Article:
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Google posts Android Auto design guidelines

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Android
Google

Google posted a developer overview for Android Auto, offering guidelines for designing extensions to existing Android apps for customized IVI interactions.

Google announced Android Auto with relatively few details at Google I/O in June, following the formation of an Open Automotive Alliance (OAA) in January. These related efforts are designed to standardize integration with Android devices and in-vehicle infotainment (IVI) systems, as opposed to designing an Android IVI stack that runs the whole show. In some ways, Android Auto is similar to the Car Connectivity Consortium’s MirrorLink technology and Apple’s CarPlay.

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More in Tux Machines

Software: Kalendar, HarfBuzz, Whisker Menu

  • New tag management capabilities, usability improvements, and a bunch of fixes — Kalendar devlog 15 – Stuff I wrote down

    This week, we have once again included a big number of little UI changes that should make Kalendar easier to use and prettier to look at than ever. Building upon our tag work from last week, we have also made tags far more feature complete this week. Let’s take a look!

  • HarfBuzz 3.0 Released With Unicode 14.0 Support, More APIs Considered Stable - Phoronix

    HarfBuzz 3.0 has been released as a new version of this widely-used, open-source text shaping library that is used by the major Linux desktop environments along with Chrome OS, Java, Android, Chrome, and a plethora of other software projects and UI toolkits.

  • Whisker Menu 2.6.0 released

    Whisker Menu is an alternate application launcher for Xfce. When you open it you are shown a list of applications you have marked as favorites. You can browse through all of your installed applications by clicking on the category buttons on the side. Top level categories make browsing fast, and simple to switch between. Additionally, Whisker Menu keeps a list of the last ten applications that you’ve launched from it. Favorites are easy to add and reorder. When browsing through your applications, right-click on any of them and select “Add to Favorites”. Simply drag and drop your favorites list to arrange them to suit your needs. You can remove them at any time from another right-click option. If you’re not sure exactly where a program is listed, instead of browsing through each category you can simply enter a search term. The search field is focused when opening the menu, so you can just start typing. Application descriptions as well as names are searched, which allows you to find a program by using a general word (such as “browser” to find all web browsers installed on your computer).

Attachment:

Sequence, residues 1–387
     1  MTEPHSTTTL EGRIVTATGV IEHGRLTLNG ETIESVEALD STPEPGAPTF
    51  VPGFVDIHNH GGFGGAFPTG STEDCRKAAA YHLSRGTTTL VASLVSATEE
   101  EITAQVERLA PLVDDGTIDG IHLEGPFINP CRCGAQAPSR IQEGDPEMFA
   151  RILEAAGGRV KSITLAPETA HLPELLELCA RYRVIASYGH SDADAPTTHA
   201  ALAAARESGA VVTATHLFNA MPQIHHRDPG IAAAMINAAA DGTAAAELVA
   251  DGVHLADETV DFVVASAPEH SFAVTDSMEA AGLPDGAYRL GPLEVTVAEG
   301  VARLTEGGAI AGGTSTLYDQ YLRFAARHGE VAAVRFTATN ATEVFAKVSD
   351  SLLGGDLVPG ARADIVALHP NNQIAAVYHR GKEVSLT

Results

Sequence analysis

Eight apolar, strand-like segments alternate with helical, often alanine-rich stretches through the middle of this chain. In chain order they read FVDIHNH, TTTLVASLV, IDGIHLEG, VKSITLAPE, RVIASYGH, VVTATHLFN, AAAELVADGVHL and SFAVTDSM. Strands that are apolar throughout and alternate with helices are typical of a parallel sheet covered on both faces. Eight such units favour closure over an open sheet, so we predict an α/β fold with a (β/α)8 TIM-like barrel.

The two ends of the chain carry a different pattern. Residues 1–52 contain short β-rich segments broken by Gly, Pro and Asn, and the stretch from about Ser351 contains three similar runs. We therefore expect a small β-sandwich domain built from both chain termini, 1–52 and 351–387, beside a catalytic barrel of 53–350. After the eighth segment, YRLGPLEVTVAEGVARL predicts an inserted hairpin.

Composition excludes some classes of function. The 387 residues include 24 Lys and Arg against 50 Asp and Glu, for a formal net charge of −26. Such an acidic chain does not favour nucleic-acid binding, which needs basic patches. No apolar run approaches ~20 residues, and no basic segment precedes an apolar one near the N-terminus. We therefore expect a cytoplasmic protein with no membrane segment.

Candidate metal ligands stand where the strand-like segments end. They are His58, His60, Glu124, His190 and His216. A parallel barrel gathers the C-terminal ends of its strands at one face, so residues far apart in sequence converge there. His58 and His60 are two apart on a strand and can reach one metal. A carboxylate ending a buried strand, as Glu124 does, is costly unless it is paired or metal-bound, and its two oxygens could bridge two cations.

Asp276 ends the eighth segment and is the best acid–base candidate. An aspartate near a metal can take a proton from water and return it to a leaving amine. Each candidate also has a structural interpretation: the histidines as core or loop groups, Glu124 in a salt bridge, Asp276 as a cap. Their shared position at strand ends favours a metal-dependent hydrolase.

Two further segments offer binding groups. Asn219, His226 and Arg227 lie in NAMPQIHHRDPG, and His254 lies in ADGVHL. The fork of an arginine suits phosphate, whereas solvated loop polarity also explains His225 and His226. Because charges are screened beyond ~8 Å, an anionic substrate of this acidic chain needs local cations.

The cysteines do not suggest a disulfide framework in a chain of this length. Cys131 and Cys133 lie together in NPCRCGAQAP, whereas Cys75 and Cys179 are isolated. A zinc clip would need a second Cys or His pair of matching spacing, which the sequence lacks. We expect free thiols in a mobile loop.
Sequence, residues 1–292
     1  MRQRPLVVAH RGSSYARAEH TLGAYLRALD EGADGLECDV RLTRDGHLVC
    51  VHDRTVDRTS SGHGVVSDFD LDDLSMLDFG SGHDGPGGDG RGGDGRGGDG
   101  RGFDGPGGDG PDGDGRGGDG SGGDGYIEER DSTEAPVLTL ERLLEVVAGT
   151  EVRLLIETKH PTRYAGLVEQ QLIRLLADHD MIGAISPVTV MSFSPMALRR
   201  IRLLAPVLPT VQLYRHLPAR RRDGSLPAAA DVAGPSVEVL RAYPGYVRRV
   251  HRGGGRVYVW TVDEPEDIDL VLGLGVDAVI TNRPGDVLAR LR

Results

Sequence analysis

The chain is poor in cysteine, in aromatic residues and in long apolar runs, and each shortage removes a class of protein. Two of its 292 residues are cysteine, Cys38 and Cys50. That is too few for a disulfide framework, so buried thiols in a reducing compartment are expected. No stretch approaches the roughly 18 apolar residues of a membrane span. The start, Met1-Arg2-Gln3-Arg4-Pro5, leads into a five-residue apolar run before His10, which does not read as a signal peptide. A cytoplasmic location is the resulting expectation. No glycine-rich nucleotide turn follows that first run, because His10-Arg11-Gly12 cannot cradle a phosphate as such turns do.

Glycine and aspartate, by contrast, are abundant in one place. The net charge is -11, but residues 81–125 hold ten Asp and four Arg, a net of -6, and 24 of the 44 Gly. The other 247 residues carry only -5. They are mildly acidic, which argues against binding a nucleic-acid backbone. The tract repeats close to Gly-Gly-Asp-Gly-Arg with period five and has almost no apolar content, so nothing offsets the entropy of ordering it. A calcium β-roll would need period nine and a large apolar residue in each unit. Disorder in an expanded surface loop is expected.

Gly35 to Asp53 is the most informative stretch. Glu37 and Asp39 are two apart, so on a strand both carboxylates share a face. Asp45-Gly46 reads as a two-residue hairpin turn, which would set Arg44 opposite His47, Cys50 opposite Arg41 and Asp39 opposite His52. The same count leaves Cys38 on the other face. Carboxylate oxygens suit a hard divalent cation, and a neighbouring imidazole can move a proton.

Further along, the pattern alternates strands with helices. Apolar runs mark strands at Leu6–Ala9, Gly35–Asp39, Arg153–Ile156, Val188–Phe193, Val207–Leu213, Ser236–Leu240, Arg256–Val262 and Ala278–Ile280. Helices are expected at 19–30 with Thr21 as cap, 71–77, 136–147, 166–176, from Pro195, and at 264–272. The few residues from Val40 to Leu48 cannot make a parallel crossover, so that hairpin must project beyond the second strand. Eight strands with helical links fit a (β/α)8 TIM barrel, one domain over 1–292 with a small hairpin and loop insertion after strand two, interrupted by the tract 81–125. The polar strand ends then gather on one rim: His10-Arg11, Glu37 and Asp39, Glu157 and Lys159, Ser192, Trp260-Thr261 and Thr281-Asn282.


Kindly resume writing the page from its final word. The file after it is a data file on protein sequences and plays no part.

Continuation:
Spyware: KDE Plasma, like Gnome, the anti-FOSS eye-candy blackmail

The terminology used by such corporations is very deceptive on its own. Spying on the user and collecting data without really his conscious consent, is just spying. Whether you call it telemetry, or user feedback, or kuserfeedback-1.0.0, it is still spying. The software that is written for spying is called spyware. ms-Windows users pay dearly to other spyware sellers to clean their machines from spyware. While you are at it, looking at the source, also take a look at Ksystemstats as well. So what distributions promote and co-sign the safety of using free open software that are spyware? Better ask which distributions DON’T and will come out saying it that they condemn such practices and the use of such software. Why is this so important? Why is it that you, or anyone else, gave up on closed source non-free non-libre software to come to Linux or BSD, or Solaris, ot any unix? Exactly! This crap doesn’t belong in linux or any computer. If you volunteer to provide your data or report a bug with your own intention and choice, that is different, than some sub-system in the background copying and feeding your data to some datacenter KDE/plasma has setup to do data-mining. Alternatively someone can criticize us being superficial and hypocritical, because KDE has the decency to advertise they are officially doing this, while others are doing it secretly. We are not all knowing all catching of all problems and issues on FOSS, we report on what we find important. Read more